Although this caused no problem for us as tourists, it did cause a potential problem for our back up team of two mechanics, who if accused of breaking the strike could have found themselves beaten and the truck they were driving which was carrying our luggage burnt out. So at the start of the journey we travelled as a convoy with them in the middle. This managed to get us thought the numerous Police check points, until we got to Butwal. Unfortunately Butwal was our Rubicon!

Here, we were stopped by armed Police who refused to let us go any further without an armed escort and here we waited for what seemed like an eternity. We did however provide the locals with a great deal of entertainment as crowds gathered to witness our plight! Our journey was to take us through the Western Hills which is a Maoist supporting area and after trouble with Police there they were taking no chances with any traffic passing through. Consequently we had a long wait until a convoy had been formed, consisting of a truck, a school bus, some local motorcycles and ourselves, plus around 10 armed police.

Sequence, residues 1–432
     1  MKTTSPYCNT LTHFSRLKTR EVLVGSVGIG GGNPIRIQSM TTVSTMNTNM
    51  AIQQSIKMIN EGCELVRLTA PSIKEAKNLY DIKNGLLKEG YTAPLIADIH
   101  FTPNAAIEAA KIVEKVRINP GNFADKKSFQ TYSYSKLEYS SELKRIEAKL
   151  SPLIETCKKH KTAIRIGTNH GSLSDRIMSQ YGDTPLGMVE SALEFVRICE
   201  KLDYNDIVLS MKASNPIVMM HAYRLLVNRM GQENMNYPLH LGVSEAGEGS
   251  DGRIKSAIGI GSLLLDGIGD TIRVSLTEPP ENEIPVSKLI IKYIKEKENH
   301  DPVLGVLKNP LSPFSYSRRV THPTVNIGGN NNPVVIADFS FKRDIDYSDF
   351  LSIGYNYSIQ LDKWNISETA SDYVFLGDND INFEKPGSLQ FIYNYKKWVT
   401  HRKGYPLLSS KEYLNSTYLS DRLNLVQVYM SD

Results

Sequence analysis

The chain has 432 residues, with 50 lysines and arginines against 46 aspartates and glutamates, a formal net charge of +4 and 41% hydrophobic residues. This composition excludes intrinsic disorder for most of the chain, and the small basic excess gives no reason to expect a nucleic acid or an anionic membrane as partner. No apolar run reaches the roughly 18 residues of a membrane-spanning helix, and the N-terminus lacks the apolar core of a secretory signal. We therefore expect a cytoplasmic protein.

By this time it was 2pm and we still had 150 km to go over twisty mountain roads at around 30km per hour. We quickly realised it was going to be a long hardous journey.

We were right. The police had arranged it in sections, so we had to wait for an escort to form between villages as well as Police taking their tea breaks, this slowed our progress considerably. As night fell, we still had at least 50km to go and to make matters worse, it started to rain. Not just any old rain, but at times monsoon type rain.